There's a little something I noticed in the reaction to my first article here at the Guardian – a question tucked in the midst of the hundreds of pithy and thoughtful reader contributions – I was asked: what is it like to be gay and conservative?
After all, those conservatives hate the homos, don't they? It must be very, very difficult for me, one concerned reader noted, to be among the intolerant and hateful.
Well, I do suppose I would rather bask in the unbridled sunlight of liberal values of fairness, tolerance and love so eloquently on display in many of the comments made on my first contribution here. I know, it seems like such an odd decision, to reject the Eden of the liberal establishment. Yet strangely, after having been on the left for so long myself, I began to wonder: how much love and understanding can one person take?
Presumably, "batshit crazy"is an English liberal term of endearment, right? When I read another commenter's description of American conservative women politicians as "a bunch of petty, incoherent shrews", I was filled with joy at realising how great it was to be among authentic feminists once again.
Having made my point, I trust, I'll now slip out of my snark suit and share a little secret with you. The real story of bigotry and intolerance is the fact that it lives and thrives on the left. As a gay woman who spent most of her adult life pushing the cart for liberal causes with liberal friends in a liberal city, I found that sexism, racism and homophobia are staples in the liberal world. The huge irony is liberals spend every ounce of energy promoting the notion that they are the banner carriers of individualism and personal freedom, yet the hammer comes down on anyone who dares not to conform to, or who dissents even in part from, the liberal agenda.
Think about what would happen if you did act up? If you dared to say you like Sarah Palin, or admire Margaret Thatcher, or think global warming is a hoax, or think Bill Clinton is a sexual predator, or that George W Bush isn't to blame for everything, or that Barack Obama has absolutely no clue what he's doing, you know there would be a price to pay. Odds are that your "liberal" friends would very liberally hate you. At the very least, being shunned would be your new experience, condemning you to suffer that horrific liberal malady called social death.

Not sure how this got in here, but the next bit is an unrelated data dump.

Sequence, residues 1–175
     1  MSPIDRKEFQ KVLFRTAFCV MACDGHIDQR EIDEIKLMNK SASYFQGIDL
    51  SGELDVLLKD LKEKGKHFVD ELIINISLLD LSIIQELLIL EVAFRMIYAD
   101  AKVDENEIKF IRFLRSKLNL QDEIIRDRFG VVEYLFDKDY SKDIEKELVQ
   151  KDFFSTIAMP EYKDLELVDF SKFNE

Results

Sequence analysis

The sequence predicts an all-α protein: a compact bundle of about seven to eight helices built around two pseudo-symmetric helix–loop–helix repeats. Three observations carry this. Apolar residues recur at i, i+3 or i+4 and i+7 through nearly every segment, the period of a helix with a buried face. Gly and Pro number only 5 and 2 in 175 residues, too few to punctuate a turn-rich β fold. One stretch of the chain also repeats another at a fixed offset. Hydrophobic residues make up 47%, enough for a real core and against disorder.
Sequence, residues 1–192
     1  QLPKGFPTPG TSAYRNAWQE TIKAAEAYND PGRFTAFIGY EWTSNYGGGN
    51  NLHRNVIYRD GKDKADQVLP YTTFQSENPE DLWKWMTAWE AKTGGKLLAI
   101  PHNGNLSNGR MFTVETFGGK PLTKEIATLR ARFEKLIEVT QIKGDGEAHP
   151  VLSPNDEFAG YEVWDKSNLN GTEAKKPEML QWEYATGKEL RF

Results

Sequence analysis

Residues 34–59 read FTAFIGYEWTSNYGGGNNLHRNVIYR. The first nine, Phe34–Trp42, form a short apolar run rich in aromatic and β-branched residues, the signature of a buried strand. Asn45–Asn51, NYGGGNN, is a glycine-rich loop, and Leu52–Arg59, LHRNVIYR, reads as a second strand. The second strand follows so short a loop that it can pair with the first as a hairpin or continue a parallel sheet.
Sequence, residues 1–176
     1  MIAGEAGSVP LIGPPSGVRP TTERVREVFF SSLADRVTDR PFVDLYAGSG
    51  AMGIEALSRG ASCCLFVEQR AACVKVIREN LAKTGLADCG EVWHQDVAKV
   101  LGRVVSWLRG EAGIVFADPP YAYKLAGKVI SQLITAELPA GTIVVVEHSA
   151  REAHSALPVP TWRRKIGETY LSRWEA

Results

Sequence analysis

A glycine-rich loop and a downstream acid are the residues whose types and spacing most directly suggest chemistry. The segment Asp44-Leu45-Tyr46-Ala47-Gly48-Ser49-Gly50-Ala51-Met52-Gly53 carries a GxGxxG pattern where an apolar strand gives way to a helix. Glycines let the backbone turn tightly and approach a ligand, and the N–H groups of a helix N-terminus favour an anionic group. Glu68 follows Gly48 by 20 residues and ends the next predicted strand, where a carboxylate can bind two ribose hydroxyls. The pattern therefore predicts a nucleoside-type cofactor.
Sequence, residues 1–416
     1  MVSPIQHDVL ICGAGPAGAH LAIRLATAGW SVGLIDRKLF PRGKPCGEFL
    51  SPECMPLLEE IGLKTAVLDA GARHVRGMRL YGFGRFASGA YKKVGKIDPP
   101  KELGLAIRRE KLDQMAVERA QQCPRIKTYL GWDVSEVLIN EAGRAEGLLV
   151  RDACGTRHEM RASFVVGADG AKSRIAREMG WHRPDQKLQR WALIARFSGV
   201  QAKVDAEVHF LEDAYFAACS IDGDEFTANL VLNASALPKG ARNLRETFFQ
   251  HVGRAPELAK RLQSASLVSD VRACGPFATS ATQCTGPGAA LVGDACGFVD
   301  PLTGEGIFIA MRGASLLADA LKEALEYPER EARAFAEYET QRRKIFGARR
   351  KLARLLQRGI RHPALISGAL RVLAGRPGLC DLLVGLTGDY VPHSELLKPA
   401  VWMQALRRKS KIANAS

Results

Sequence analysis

So, when it comes to my comfort level as a conservative who happens to be gay, here's what I know: while many conservatives are people of faith and their religion promotes a very different point of view than mine on homosexuality (and a few other things!), I have found conservatives to be more tolerant, more curious and more understanding of those who are different to them than I ever did when ensconced in US liberal leadership.
Are there religious extremists on the right? Of course, but they are marginalised and rejected. As an example, this year at CPAC (the Conservative Political Action Committee), considered the premier, annual conservative gathering in America, a speaker stepped up to the podium and began verbally to attack gays and lesbians. He was summarily booed from the stage by a conservative audience that refused to allow such bigotry to continue.
As you might have gathered, I prefer the honest, decent and genuinely accepting friends and family I have in the conservative world. We don't always agree on everything, but isn't that the point? – being able to be yourself, make choices that best suit you, without fear of punishment or retribution. My friendships and relationships in the conservative world are not predicated on political correctness and enforced conformity of thought. They are based, instead, on mutual respect, honesty and understanding – concepts many modern liberals should consider revisiting.
(By Tammy Bruce, The Guardian UK)